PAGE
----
TORONTO — With the U.S. deadline for evacuation from Afghanistan fast approaching, the situation is becoming more urgent at Kabul airport for those hoping to come to Canada.
“It’s not what the Canadians decided, it is what the U.S. has decided and what will be the impact on the rest of us, and all indications are this air-bridge is not going to stay open much longer,” retired Major-General David Fraser, a former NATO commander, told CTV News.
U.S. President Joe Biden was pressured in a G7 meeting Tuesday to seek an extension to the Aug. 31 deadline for exiting Afghanistan. But Taliban spokespeople stated on the same day that they would not allow an extension.
If evacuation flights to Canada end within days, thousands could be left behind.
Among them will be five children of a former interpreter with the Canadian forces, if they can’t get to the gate on time.
“We don’t want to lose our children, we don’t want to lose our lives,” an Afghan at risk told CTV News. “If the Canadian government does not focus on that, if they don’t provide us a safe path, we are going to die, I am sure of that.”
And Canadian troops on the ground may not have much leeway to help beyond their orders.
In a video that appears to have been shot by Afghans waiting for aid, soldiers were seen sitting on a wall with their backs turned, just outside the Kabul airport gates.
The man filming alleged that the soldiers were Canadian soldiers, and were not helping Afghans enter the airport.
“Nobody is talking to us, we have documents, we have VISAs,” said the man filming.
The crisis in Afghanistan has become a central question of the federal election campaign. Prime Minister Justin Trudeau has been accused of focusing on his campaign rather than this pressing refugee crisis.
”Business of government continues, I get updates every single day on the situation in Afghanistan,” Trudeau said Tuesday. “Our officials are extraordinary heroic Canadian Forces service women, men … women and men are on the ground working incredibly hard to do everything we can to get people out alongside our allies.”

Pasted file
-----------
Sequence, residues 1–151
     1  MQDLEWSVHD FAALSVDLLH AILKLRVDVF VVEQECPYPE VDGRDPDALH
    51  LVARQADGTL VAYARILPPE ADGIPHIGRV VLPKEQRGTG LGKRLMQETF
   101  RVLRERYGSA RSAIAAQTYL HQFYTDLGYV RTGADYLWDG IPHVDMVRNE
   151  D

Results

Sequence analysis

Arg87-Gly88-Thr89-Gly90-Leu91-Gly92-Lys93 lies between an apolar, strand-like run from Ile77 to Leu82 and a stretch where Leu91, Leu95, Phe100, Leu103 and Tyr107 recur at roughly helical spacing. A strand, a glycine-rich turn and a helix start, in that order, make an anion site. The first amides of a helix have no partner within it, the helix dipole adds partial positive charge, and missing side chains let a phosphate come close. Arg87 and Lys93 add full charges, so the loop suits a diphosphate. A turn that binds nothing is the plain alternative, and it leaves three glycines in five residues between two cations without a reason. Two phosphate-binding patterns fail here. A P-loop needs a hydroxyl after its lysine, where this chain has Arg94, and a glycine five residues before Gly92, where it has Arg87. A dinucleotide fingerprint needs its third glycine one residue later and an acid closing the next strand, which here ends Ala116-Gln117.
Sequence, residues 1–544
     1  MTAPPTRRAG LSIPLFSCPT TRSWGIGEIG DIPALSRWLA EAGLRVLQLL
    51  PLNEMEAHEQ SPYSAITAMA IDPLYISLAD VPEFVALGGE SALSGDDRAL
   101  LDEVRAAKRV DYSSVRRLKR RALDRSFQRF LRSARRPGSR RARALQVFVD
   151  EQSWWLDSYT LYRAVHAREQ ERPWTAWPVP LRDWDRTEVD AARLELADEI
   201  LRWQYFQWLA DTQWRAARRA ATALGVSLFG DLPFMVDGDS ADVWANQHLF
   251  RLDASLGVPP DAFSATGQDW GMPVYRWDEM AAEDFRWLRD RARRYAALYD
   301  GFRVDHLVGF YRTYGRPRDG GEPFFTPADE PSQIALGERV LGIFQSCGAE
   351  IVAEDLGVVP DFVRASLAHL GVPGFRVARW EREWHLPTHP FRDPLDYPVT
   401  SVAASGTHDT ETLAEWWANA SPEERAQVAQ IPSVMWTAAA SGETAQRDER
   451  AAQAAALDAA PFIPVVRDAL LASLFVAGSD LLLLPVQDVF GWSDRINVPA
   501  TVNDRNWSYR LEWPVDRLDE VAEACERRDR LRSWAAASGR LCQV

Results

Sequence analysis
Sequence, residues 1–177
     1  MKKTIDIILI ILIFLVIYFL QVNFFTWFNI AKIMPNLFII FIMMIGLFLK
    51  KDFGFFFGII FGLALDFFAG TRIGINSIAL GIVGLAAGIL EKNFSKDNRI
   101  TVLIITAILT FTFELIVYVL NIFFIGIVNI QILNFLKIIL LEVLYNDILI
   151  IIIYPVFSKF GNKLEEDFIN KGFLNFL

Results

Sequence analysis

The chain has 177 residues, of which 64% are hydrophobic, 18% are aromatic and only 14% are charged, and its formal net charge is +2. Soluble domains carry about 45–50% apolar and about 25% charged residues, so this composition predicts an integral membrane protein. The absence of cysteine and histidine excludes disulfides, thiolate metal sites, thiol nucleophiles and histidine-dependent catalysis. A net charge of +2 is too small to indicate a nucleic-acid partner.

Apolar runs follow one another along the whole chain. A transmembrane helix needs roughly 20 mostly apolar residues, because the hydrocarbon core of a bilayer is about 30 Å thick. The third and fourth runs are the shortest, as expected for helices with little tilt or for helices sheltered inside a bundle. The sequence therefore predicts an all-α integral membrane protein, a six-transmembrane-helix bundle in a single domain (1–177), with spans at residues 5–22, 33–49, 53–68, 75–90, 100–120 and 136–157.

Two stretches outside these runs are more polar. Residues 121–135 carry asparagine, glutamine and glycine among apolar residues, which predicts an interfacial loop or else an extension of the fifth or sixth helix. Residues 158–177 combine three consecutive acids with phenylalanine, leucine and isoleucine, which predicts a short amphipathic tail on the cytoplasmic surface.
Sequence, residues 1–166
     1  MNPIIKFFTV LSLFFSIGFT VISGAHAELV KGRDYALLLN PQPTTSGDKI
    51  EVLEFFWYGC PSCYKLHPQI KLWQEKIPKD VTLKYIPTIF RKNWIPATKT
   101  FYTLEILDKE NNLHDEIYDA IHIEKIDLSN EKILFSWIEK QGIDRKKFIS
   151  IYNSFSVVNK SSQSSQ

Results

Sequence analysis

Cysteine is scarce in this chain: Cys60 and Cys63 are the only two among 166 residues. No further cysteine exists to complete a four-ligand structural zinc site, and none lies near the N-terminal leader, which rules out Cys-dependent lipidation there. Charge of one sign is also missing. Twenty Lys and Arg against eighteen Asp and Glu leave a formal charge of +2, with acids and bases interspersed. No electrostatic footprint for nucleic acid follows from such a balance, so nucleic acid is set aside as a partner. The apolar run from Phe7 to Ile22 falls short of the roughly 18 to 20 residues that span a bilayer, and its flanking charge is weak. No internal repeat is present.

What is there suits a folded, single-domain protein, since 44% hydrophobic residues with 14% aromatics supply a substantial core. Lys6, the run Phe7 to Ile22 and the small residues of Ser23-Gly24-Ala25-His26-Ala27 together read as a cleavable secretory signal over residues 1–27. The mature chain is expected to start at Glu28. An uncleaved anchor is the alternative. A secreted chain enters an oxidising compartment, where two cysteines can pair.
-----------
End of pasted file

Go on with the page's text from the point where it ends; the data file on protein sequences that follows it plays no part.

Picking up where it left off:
Since Aug. 4, Canada has flown approximately 1,355 people out of Afghanistan.
A plane touched down in Toronto tonight.
“I have very happy news— they finally made it out,” Maryam Sahar told CTV News on Tuesday, ahead of seeing her family.
Sahar’s mother and two brothers are among the lucky ones who have made it to Canada, though the former interpreter says a bureaucratic hurdle at the Kabul airport nearly derailed their escape.
“I got a call they were not [letting] my 12-year-old brother on the flight because he did not have a VISA,” Sahar told CTV News.
She says other families were also told they would be separated, and that minors without VISAs would have to be left behind.
In the end, Sahar’s family was able to board together, headed for a reunion on Canadian soil that was a decade in the making.
“Ten years,” Sahar said. “Long time. I don’t know how I am going to react at the airport, it is going to be very emotional.”
But now, it’s unsure how many more happy reunions will be able to occur.
And even more up in the air is what Canada will do to try and help the thousands left behind once evacuation flights are grounded.